Understanding The Basics of Animal Welfare

Credit: Thinkstock Youth exhibiting animal projects at fairs or shows have direct contact with the public, the consumers of animal products, who often have limited knowledge of raising livestock.

Michigan State University Extension is publishing a series of articles about animal welfare, and this is the second in their series. The first article discussed “The Five Freedoms” and the origin of animal welfare rules. While this is good information for anyone, these articles are specifically aimed at younger (4-H) folks. As a stable owner and probably an instructor, you might consider using some of this information to have a Welfare Class at your farm or stable for your youth (or adult) students or boarders.

Animal welfare is hot topic locally, nationally and internationally. Consumers are asking for more information regarding how food animals are raised and cared for. New local and national laws are being passed with guidelines for housing, transportation, care and euthanasia of livestock (including horses). All of these factors may effect youth enrolled in 4-H animal science projects.

Youth exhibiting animal projects at fairs or shows have direct contact with the public, the consumers of animal products, who often have limited knowledge of raising livestock. The public may be seeking answers to understand why certain practices are carried out. Questions related to welfare are commonly asked of youth during fairs, shows and other animal events, but youth may not always have the answers. This new series of articles from Michigan State University Extension will help provide club leaders and parents with information to introduce animal welfare to 4-H members.

What is Animal Welfare?

The term “animal welfare” is heard a great deal, but what does it actually mean? The World Organization for Animal Health (OIE) defines animal welfare as “…how an animal is coping with the conditions in which it lives. An animal is in a good state of welfare if (as indicated by scientific evidence) it is healthy, comfortable, well-nourished, safe, able to express innate behavior, and if it is not suffering from unpleasant states such as pain, fear and distress. Good animal welfare requires disease prevention and veterinary treatment, appropriate shelter, management, nutrition, humane handling and humane slaughter/killing. Animal welfare refers to the state of the animal; the treatment an animal receives is covered by other terms such as animal care, animal husbandry, and humane treatment.”

The American Veterinary Medical Association (AVMA) defines animal welfare as: “a human responsibility that encompasses all aspects of animal well-being, including proper housing, management, nutrition, disease prevention and treatment, responsible care, human handling, and when necessary, humane euthanasia.” The AVMA further explains: “There are numerous perspectives on animal welfare that are influenced by a person’s values and experiences. There are also various means of measuring animal welfare, including (but not limited to) health, productivity, behavior, and physiological responses.”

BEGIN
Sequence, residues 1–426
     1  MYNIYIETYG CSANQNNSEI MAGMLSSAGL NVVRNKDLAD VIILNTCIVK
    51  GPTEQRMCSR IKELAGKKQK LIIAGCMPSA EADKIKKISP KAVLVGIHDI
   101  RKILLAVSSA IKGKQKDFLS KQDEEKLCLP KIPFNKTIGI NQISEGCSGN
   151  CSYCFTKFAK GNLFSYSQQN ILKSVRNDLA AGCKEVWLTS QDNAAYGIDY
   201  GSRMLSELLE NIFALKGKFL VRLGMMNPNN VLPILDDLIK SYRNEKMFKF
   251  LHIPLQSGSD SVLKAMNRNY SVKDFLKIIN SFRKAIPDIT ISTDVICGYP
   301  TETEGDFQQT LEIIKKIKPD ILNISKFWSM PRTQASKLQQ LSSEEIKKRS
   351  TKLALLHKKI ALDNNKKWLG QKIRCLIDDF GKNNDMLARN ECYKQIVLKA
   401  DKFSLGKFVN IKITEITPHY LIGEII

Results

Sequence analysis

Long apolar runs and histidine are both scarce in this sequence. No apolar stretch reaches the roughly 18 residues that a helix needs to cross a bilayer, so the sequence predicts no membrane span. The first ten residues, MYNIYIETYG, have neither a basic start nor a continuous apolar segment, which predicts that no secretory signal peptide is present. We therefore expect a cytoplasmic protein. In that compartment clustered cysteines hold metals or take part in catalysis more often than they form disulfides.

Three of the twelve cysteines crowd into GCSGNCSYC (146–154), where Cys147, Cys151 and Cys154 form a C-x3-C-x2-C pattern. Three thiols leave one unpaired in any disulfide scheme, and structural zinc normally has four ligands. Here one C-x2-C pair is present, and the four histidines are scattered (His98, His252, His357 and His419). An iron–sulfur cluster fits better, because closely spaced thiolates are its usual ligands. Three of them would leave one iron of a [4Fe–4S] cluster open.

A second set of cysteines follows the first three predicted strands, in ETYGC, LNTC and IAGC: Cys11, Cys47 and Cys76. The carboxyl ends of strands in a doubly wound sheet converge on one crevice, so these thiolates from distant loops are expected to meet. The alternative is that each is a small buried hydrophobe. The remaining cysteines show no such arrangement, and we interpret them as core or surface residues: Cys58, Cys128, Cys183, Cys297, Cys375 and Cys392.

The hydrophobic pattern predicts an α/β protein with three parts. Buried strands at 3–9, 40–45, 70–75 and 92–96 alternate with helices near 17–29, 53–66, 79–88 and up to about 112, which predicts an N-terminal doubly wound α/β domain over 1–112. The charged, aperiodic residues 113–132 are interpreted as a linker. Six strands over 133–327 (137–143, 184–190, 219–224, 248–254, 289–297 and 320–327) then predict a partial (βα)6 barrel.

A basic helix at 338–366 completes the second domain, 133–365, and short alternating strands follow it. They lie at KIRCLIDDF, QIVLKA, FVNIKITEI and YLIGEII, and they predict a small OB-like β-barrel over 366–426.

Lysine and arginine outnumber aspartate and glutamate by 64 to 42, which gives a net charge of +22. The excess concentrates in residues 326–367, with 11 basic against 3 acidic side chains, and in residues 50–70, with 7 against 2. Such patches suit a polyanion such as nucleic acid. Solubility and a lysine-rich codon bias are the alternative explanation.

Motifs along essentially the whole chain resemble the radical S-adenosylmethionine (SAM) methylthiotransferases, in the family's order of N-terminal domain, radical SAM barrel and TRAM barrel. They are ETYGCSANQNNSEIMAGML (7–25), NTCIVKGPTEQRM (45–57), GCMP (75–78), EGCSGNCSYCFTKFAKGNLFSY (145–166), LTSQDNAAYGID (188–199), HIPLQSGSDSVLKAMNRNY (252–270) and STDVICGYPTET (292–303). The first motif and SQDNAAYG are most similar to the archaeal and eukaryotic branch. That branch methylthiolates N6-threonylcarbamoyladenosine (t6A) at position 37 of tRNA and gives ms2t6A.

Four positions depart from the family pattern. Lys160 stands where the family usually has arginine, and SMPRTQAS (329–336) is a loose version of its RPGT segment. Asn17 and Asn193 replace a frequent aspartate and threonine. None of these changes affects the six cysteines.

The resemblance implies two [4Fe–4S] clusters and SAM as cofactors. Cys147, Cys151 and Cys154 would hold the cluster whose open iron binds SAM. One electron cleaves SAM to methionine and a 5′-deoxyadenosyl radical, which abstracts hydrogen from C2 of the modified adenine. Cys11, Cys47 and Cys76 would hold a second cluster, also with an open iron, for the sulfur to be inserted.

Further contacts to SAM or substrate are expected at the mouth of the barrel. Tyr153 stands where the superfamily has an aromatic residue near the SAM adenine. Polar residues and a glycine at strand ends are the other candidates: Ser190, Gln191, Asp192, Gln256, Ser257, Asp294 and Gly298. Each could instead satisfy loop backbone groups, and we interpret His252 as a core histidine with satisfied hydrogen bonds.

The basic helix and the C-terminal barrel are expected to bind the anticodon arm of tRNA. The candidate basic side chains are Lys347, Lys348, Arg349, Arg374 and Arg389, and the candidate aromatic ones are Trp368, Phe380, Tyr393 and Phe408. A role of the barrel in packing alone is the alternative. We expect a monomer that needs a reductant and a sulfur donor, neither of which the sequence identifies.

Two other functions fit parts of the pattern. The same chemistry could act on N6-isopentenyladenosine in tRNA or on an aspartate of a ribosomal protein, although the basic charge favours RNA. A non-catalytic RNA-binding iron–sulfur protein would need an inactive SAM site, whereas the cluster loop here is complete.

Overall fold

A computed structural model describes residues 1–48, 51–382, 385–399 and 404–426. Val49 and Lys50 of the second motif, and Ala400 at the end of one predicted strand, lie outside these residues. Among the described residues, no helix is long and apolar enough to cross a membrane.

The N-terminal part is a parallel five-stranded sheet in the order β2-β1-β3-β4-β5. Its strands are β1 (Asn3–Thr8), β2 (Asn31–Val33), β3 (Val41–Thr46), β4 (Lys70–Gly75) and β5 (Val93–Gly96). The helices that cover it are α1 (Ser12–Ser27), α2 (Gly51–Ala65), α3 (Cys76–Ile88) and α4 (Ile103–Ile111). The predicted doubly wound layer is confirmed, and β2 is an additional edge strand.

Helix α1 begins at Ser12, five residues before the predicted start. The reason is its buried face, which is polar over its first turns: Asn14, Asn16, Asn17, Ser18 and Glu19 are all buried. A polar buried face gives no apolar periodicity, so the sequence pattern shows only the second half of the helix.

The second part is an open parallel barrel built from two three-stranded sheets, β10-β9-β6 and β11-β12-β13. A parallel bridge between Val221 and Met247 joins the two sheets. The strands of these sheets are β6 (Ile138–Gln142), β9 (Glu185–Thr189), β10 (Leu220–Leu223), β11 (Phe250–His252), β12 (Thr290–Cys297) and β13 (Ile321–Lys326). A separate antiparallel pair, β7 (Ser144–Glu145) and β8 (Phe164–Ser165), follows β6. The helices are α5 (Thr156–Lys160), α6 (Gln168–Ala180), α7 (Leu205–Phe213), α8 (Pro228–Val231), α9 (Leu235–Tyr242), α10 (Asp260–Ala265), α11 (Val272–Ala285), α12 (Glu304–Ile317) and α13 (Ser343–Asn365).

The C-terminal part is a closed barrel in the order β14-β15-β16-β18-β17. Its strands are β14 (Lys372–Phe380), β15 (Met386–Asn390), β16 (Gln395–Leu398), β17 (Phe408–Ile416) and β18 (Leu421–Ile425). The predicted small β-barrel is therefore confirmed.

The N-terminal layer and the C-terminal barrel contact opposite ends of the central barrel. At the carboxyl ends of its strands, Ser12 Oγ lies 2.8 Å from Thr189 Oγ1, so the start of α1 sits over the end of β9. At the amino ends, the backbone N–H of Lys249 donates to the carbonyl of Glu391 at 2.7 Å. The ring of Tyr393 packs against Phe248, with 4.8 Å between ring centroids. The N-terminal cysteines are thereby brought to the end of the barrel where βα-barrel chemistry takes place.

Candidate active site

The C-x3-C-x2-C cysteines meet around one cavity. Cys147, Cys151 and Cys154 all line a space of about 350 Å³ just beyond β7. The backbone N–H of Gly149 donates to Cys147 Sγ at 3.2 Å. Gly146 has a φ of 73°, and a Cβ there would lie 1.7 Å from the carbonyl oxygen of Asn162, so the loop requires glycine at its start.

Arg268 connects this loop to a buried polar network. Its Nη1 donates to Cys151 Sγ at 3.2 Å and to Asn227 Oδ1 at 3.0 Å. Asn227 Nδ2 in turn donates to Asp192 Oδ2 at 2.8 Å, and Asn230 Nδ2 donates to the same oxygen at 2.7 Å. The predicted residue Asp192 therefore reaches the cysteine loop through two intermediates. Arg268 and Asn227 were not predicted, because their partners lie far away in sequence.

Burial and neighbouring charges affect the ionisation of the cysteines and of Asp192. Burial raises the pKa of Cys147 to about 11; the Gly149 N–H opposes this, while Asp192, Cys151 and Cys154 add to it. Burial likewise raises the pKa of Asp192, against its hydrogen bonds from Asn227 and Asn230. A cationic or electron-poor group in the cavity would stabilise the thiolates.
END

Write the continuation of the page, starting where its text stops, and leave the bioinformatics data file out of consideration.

Where Did These Definitions Come From?

The definitions above draw from two important documents in the history of animal welfare. The first, the Bramble Report’s Five Freedoms (1965), was written by a scientific committee in Great Britain as a response to issued raised concerning animal production by Ruth Harrison in her book Animal Machines. The Five Freedoms are a list that includes consideration for the physical and mental states of animals and has served as the basis for most modern codes of practice and welfare audits.

The second was a paper published in 1997 by Drs. David Fraser, Dan Weary, Ed Pajor and Barry Milligan, titled “A scientific conception of animal welfare that reflects ethical concerns,” which introduced the “Three Circles” model of animal welfare. This model states the basic health and functioning, affective states and the ability to live in a way that suits the animal’s adaptations must all be considered as part of evaluating animal welfare. These three areas all overlap, but that does not mean it is easy to reconcile these three aspects of welfare.

What Does This All Mean?

The definitions presented by OIE and AVAM, the Five Freedoms, and the Three Circles model illustrate an important consideration of animal welfare: it’s a very complex topic! Not only must the animal be considered, but human attitudes and beliefs become part of this conversation as well. Evaluating animal welfare is based in scientific observation and evaluation, but at the same time, is a value-laden human subject.

This also helps us define what animal welfare is not. Animal welfare is not the same as animal rights! Animal rights address the legal and moral standing of animals in society. Animal rights seeks to cease all use of animals by humans, including use for food, fiber, entertainment and even animals as pets.

This article was published by Michigan State University Extension. For more information, visit






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